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J Am Coll Cardiol. 2016 May 31;67(21):2453-63. doi: 10.1016/j.jacc.2016.03.472. Epub 2016 Apr 3.

International Mobile-Health Intervention on Physical Activity, Sitting, and Weight: The Stepathlon Cardiovascular Health Study.

Author information

1
School of Medicine, Flinders University of South Australia, Adelaide, Australia; Department of Cardiovascular Medicine, Flinders Medical Centre, Adelaide, Australia. Electronic address: anand.ganesan@flinders.edu.au.
2
Centre for Heart Rhythm Disorders, University of Adelaide, Adelaide, Australia.
3
Health Systems Research, South Australian Health and Medical Research Institute, Adelaide, Australia.
4
Stepathlon Private Limited, Mumbai, India.
5
Centre for Heart Rhythm Disorders, University of Adelaide, Adelaide, Australia; Health Systems Research, South Australian Health and Medical Research Institute, Adelaide, Australia.
6
School of Medicine, Flinders University of South Australia, Adelaide, Australia; Department of Cardiovascular Medicine, Flinders Medical Centre, Adelaide, Australia.
7
School of Medicine, Flinders University of South Australia, Adelaide, Australia; Department of Cardiovascular Medicine, Flinders Medical Centre, Adelaide, Australia; Health Systems Research, South Australian Health and Medical Research Institute, Adelaide, Australia.

Abstract

BACKGROUND:

Although proof-of-concept for mobile health (mHealth) life-style programs targeting physical inactivity and overweight/obesity has been established in randomized trials, the feasibility and effect of a globally distributed, large-scale, mass-participation mHealth implementation has not been investigated.

OBJECTIVES:

The purpose of this study was to determine the effect of Stepathlon, an international, low-cost, mass-participation mHealth intervention, on physical activity, sitting, and weight.

METHODS:

We prospectively collected cohort data from participants completing Stepathlon, an annual 100-day global event in 2012, 2013, and 2014. Participants were organized in worksite-based teams, issued pedometers, and encouraged to increase daily steps and physical activity as part of the team-based race. The program was conducted via an interactive multiplatform application available on mobile devices and the Internet. Analysis was performed according to a pre-specified plan.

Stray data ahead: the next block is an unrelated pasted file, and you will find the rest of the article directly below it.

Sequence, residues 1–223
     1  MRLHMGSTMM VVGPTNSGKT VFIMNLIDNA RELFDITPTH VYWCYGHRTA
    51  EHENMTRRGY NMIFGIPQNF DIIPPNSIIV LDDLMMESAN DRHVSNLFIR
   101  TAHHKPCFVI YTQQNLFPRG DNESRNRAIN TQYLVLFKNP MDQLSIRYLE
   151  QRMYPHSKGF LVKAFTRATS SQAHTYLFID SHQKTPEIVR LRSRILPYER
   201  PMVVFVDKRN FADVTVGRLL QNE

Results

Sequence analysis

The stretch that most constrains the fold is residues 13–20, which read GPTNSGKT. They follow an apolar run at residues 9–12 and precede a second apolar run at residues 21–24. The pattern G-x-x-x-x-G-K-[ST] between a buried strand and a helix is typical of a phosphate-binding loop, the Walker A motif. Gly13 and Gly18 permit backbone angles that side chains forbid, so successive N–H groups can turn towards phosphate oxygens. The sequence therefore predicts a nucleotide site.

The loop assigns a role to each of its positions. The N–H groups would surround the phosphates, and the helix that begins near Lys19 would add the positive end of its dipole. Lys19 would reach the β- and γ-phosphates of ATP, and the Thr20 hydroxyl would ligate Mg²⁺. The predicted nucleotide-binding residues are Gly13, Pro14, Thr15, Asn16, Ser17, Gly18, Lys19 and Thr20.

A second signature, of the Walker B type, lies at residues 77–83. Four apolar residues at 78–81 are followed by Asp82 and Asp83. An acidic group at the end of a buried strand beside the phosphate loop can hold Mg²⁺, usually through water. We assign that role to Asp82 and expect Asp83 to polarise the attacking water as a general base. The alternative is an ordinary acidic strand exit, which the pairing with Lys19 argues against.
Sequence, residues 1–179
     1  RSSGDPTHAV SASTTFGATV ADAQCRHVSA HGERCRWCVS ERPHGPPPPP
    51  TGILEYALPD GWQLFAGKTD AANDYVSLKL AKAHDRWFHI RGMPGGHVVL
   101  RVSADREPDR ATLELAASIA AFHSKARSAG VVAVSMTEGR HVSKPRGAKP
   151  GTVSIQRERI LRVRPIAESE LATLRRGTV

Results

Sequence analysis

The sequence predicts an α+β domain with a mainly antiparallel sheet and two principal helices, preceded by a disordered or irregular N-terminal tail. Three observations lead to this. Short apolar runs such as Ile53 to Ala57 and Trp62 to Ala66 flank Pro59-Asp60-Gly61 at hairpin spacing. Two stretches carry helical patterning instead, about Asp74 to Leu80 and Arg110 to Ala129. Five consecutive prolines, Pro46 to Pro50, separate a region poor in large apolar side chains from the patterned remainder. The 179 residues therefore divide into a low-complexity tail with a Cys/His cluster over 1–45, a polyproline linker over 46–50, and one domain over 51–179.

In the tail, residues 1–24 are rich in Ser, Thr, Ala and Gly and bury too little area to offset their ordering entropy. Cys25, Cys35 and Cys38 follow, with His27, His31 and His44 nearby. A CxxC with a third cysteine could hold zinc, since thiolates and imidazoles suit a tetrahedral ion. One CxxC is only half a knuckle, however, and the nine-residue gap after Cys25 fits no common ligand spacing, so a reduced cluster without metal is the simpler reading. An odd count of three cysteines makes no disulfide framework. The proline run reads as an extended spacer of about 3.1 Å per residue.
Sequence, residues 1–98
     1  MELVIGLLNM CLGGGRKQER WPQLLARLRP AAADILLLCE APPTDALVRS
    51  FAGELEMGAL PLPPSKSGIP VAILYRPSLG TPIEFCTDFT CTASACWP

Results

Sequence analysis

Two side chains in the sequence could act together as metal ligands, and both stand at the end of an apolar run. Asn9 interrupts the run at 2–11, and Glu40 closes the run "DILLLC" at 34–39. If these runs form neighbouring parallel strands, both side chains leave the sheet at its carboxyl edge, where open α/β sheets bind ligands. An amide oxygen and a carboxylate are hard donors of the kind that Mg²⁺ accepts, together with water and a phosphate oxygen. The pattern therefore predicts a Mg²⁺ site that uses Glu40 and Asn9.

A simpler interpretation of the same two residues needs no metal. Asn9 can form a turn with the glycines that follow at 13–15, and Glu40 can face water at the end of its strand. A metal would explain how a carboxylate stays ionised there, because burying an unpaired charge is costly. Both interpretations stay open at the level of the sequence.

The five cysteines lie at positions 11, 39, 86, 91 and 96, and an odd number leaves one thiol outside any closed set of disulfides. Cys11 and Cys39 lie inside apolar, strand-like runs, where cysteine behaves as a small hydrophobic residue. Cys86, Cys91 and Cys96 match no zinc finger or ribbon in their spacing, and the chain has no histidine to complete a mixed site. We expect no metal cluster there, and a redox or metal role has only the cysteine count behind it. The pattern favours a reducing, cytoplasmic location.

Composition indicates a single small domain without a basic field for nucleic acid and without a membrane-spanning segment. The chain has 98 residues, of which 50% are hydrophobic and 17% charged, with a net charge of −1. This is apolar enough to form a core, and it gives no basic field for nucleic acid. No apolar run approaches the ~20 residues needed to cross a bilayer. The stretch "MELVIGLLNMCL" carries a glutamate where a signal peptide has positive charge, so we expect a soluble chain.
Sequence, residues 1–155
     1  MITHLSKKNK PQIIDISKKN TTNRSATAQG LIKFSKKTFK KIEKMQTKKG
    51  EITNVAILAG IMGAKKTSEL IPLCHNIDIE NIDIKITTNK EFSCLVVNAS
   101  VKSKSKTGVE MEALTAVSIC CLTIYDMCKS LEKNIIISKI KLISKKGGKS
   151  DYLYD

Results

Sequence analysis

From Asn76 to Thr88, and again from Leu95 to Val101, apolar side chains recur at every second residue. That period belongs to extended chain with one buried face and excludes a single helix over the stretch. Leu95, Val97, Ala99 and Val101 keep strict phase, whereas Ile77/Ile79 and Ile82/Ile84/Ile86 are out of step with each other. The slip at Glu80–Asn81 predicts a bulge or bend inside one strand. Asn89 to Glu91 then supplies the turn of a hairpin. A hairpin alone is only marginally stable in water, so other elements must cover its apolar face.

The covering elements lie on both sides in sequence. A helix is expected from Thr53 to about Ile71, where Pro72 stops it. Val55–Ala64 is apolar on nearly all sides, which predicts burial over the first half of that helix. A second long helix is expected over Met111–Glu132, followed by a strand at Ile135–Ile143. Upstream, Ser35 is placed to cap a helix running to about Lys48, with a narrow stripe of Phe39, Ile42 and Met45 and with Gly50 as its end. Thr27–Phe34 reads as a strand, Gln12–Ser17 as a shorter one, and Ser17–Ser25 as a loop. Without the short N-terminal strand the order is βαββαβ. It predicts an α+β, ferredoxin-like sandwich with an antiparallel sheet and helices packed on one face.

RESULTS:

A total of 69,219 subjects participated (481 employers, 1,481 cities, 64 countries, all populated continents, age 36 ± 9 years, 23.9% female, 8.0% high-income countries, and 92.0% lower-middle income countries). After Stepathlon completion, participants recorded improved step count (+3,519 steps/day; 95% confidence interval [CI]: 3,484 to 3,553 steps/day; p < 0.0001), exercise days (+0.89 days; 95% CI: 0.87 to 0.92 days; p < 0.0001), sitting duration (-0.74 h; 95% CI: -0.78 to -0.71 h; p < 0.0001) and weight (-1.45 kg; 95% CI: -1.53 to -1.38 kg; p < 0.0001). Improvements occurred in women and men, in all geographic regions, and in both high and lower-middle income countries, and the results were reproduced in 2012, 2013, and 2014 cohorts. Predictors of weight loss included step increase, sitting duration decrease, and increase in exercise days (all p < 0.0001).

CONCLUSIONS:

Distributed mHealth implementation of a low-cost life-style intervention is associated with short-term, reproducible, large-scale improvements in physical activity, sitting, and weight. (Effect of the Stepathlon Pedometer Program on Physical Activity, Weight and Well-Being; ACTRN12615001310550).

KEYWORDS:

mobile health; physical activity; prevention; sitting; weight loss

PMID:
27050185
DOI:
10.1016/j.jacc.2016.03.472
[Indexed for MEDLINE]
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